The subject property is located within the Illinois Technology & Research Corridor located in DuPage County at the corner of Freedom Drive and Independence Avenue in Naperville, IL. The location offers a daytime population in excess of 80,000 business professionals working within a three mile radius of the property. It will consist of a single-tenant retail building occupied by iFly. The site is part of the Freedom Commons multi-tenant retail center that includes tenants such as, Morton’s Steak House, Subway, Athletico, Jason’s Deli, Fidelity, Maggianos and many many more. The subject property benefits from excellent visibility from Freedom Drive, seeing over 7,000 vehicles per day and Interstate 88, which sees over 140,000 vehicles per day. The site provides sidewalk access to three hotels directly west of the property.

iFly – Naperville, Illinois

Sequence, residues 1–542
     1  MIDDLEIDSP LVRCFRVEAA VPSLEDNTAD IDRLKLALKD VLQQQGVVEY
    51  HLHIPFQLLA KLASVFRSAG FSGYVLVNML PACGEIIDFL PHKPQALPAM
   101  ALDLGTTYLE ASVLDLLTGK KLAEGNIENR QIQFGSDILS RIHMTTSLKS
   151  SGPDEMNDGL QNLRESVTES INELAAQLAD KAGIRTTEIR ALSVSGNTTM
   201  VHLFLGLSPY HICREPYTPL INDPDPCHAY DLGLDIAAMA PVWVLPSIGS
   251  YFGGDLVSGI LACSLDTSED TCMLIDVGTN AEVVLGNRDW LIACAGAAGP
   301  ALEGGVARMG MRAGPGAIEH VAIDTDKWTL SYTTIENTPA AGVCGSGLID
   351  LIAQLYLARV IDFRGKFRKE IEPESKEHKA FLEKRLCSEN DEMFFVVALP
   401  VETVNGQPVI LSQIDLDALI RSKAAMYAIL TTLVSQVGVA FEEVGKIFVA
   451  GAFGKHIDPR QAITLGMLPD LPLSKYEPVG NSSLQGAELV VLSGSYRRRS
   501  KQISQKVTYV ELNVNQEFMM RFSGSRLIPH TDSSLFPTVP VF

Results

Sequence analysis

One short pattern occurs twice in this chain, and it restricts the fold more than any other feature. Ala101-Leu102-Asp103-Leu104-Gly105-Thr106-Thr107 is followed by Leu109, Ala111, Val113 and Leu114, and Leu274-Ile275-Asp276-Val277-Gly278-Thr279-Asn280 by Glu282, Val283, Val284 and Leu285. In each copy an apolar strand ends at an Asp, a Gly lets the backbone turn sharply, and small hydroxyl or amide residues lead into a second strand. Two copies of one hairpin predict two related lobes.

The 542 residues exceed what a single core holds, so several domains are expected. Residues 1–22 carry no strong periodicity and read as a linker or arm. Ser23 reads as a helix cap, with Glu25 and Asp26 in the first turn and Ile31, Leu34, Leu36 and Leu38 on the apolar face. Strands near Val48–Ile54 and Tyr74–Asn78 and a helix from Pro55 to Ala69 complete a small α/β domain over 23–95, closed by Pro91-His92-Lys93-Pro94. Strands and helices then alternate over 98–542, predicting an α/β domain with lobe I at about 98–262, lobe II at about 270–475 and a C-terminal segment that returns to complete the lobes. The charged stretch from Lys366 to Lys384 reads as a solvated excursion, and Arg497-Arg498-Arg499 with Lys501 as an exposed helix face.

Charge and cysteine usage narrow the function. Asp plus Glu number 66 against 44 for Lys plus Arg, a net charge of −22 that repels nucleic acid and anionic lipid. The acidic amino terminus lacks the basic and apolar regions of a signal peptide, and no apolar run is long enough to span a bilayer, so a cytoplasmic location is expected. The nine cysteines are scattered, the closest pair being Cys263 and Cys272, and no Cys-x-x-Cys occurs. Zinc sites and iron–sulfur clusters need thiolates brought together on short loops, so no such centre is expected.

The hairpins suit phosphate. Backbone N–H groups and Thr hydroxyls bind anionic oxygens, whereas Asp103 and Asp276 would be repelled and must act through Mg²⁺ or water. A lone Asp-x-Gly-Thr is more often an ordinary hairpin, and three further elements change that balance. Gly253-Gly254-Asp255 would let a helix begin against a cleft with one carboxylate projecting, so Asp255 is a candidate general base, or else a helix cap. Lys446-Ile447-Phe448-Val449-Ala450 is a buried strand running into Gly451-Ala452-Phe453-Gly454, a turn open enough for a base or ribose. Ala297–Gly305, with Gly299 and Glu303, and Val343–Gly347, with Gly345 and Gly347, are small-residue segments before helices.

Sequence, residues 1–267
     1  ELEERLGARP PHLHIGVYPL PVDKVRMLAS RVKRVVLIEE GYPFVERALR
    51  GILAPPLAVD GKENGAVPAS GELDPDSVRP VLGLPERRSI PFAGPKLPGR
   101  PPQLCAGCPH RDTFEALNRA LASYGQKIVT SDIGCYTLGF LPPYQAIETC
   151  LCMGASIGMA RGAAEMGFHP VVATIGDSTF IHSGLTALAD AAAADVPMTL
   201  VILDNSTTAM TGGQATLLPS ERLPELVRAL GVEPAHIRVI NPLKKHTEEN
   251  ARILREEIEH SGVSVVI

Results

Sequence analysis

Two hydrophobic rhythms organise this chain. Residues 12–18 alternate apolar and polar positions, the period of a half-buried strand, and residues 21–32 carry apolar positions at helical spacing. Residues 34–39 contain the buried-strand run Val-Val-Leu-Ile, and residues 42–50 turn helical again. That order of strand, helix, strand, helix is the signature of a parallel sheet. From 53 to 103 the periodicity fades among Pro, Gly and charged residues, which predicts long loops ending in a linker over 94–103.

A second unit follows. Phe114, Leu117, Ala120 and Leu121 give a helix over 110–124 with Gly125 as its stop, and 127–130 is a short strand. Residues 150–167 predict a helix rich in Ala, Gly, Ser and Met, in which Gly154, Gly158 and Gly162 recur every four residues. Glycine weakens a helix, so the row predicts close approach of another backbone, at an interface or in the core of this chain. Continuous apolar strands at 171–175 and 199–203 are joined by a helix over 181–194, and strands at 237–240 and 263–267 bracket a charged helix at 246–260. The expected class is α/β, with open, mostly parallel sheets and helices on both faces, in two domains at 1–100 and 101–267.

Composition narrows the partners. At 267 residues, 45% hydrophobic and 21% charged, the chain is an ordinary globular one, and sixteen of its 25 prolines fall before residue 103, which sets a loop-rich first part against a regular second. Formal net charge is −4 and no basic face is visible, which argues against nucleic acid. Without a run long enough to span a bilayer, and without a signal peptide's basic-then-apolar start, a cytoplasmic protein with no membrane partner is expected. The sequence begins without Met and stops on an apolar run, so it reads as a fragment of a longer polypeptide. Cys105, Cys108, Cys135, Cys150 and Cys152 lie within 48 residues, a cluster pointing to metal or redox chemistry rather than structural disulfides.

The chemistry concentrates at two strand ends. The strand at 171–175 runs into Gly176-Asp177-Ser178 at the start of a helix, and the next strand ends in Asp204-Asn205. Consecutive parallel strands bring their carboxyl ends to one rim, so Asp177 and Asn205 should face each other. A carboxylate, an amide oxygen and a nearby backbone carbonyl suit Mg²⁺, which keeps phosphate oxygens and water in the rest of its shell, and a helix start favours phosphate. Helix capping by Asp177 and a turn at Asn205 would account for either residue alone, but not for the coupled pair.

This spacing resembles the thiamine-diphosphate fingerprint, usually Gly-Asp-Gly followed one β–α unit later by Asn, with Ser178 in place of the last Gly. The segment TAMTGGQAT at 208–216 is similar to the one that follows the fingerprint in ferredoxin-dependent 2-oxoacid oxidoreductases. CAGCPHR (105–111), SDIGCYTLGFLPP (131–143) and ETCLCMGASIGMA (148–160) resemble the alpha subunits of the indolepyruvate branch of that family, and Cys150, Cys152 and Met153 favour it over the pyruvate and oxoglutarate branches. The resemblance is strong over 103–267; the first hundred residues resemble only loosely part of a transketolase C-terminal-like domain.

iFLY is a 12ft diameter, recirculating 1000 horsepower wind tunnel business founded in 2007. It’s safe for kids, challenging for adults, exciting for teens and realistic for skydivers. No experience necessary, and iFly provides all gear and instruction. Get the thrill and feeling of skydiving without having to jump out of an airplane. The flight chamber is the enclosed section of the tunnel that you step into to fly. The floor of the flight chamber is a trampoline floor of aircraft-quality stainless steel. After you enter the flight chamber, our tunnel operator slowly brings the wind speed up until you and your instructor are airborne. Flight chambers range in size from 10 to 22 feet in diameter.

The fans are capable of top wind speeds of approximately 130 to 175+ mph. The tunnel operator controls the wind speed based on the flyer’s weight and skill level. The wind is generated from above, not below, the flight chamber. Powerful, high-efficiency axial fans are mounted in the upper leg of the tunnel—the optimum location for safety and efficiency. In most of the models iFLY uses, the wind is channeled and directed down the sides of the tunnel, underneath the flight chamber, and then up through the floor of the flight chamber, lifting flyers into the air. The air then travels through the top of the flight chamber, and the cycle begins again.